Denis Desert reflects on a painting by Marc Chagall
It so happened that many years ago as I finished my parish visiting for the day, suitably dressed in a cassock, I went over to view my allotment to check how things were doing. I made my way along the narrow path and came upon a man with his back to me. As I came alongside he swung his hand full of onion seed right under my nose and said in a hushed voice, ‘It’s a marvel, it’s a blooming marvel – you puts these little fellas in and ups they comes – it’s a marvel!’ And so saying he went on sowing the seed. That event and the man’s words have never left me.
So what is the significance of that event and how does it fit in with our priestly ministry? I consider it to be noteworthy as it points to the fact that we human beings have the capacity to wonder. This capacity lifts us up beyond the mundane into appreciating the extraordinary phenomenon of life itself. But this ability, up to a point, needs to be stimulated and cultivated. The problem in today’s world, I would suggest, is that our inward sight has become dimmed by our preoccupation with the everyday factors of our existence. Again, I would suggest, that it might well be that part of our priestly ministry is to reveal the wonder of life as reflected through the incarnate person of our Blessed Lord.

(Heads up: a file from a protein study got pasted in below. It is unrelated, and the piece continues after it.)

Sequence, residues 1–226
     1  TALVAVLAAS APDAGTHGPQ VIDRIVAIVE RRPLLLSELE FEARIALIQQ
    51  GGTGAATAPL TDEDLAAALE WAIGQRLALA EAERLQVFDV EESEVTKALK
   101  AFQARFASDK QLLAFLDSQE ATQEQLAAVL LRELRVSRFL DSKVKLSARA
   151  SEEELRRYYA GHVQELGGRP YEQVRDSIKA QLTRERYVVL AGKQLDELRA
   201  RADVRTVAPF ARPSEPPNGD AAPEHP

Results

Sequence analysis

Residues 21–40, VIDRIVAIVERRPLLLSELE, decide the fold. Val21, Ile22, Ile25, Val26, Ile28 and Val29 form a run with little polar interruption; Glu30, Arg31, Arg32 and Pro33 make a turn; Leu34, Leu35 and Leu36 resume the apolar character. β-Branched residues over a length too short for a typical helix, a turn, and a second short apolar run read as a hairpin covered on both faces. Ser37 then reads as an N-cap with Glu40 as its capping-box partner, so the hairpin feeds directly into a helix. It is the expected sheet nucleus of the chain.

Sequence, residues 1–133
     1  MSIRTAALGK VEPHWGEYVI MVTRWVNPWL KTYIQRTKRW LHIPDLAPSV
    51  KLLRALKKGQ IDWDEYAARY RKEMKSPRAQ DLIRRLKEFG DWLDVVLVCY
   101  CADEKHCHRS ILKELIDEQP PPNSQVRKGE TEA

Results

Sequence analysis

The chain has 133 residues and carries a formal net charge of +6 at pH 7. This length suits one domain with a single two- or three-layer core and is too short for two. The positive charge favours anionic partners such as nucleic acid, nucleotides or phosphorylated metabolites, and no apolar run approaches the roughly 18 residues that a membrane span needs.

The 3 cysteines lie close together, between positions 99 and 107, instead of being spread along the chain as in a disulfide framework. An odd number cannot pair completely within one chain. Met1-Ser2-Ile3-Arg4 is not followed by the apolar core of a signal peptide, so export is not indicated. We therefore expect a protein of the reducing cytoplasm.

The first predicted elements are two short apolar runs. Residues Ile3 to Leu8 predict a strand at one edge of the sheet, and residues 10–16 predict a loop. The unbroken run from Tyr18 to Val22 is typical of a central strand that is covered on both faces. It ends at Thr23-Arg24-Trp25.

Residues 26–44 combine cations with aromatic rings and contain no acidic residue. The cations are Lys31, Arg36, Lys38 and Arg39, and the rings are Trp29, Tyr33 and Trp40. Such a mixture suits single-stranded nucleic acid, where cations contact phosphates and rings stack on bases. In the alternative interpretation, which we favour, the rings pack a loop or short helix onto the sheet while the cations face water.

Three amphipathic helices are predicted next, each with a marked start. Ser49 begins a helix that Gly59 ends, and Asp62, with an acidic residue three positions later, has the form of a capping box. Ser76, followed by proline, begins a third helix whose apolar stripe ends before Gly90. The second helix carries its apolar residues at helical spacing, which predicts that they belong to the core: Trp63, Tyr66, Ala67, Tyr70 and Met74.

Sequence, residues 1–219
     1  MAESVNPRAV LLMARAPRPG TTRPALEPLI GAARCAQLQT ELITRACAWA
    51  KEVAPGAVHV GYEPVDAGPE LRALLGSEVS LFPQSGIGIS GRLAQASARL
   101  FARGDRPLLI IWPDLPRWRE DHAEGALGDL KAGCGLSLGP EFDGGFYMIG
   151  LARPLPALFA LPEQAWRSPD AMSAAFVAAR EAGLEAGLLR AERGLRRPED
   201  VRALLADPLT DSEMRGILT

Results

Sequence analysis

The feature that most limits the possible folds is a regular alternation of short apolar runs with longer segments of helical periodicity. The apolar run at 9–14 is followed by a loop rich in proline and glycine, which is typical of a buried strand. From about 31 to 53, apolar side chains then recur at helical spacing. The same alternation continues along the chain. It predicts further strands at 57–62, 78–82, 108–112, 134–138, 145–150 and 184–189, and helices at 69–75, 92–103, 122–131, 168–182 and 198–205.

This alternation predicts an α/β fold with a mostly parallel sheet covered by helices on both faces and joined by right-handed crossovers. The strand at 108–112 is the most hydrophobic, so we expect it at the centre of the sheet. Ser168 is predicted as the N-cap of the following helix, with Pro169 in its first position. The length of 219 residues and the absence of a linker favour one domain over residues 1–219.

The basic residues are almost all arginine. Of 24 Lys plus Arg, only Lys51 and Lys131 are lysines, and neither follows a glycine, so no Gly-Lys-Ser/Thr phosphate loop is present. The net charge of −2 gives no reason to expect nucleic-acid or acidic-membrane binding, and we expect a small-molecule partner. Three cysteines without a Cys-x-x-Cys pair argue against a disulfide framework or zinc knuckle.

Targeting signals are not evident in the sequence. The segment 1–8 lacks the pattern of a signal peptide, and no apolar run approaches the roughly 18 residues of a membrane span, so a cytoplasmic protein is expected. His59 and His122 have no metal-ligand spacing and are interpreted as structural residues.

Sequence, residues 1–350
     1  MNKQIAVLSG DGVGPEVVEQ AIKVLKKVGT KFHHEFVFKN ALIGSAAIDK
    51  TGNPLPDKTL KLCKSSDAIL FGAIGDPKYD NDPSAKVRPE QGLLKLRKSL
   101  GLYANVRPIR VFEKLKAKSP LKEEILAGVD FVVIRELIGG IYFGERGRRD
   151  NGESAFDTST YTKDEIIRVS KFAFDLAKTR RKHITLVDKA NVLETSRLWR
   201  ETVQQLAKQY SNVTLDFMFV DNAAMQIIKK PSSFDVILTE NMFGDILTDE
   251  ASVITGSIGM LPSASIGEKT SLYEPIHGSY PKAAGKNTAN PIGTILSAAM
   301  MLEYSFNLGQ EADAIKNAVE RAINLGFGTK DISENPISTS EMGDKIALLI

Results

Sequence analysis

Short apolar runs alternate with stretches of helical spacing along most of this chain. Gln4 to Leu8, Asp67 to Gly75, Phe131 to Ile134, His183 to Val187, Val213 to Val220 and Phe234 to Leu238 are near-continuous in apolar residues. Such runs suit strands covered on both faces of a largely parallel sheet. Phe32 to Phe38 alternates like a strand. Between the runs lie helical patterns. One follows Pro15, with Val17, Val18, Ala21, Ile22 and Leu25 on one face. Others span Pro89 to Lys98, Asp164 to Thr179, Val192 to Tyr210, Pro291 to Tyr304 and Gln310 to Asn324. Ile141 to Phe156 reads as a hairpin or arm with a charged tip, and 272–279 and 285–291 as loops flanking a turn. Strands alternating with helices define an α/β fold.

Turn to this painting by the Russian Jew Marc Chagall at the top of this article. A number of his paintings feature the Crucifixion of Christ. He wrote, ‘These paintings, in my thoughts, represent not the dreams of one people, but of all humanity.’ His painting Paris en Fete It is vibrant with the wonder of life and expresses far more than the written word. The work not only reflects Paris but everywhere. You wander through a local market with all the bustle and cries of the street traders. That is a source of wonder. But we have to open our eyes to see it. We go out into our garden and take in the wonder of our trees, shrubs and flowers. A blackbird sings its heart out in one of the trees while a robin flies down into the lawn. The sun shines down to illuminate a spider’s web and we stop and marvel at its construction. There is no end of it, wherever we look, providing we have the eyes to see there is wonder.
And what of the offering of the mass? The very act of worship should embrace the numinous the supreme experience of wonder where priest and people are brought together into the very source of wonder, God himself. At the risk of stating the obvious our preparation for mass and the way we conduct it, be it a high mass or a plain celebration, it is the vehicle of wonder by which we are sent out to carry the presence of our Blessed Lord with us into our lives. Yes, life is a marvel a wonder.
For an image of the painting described please see: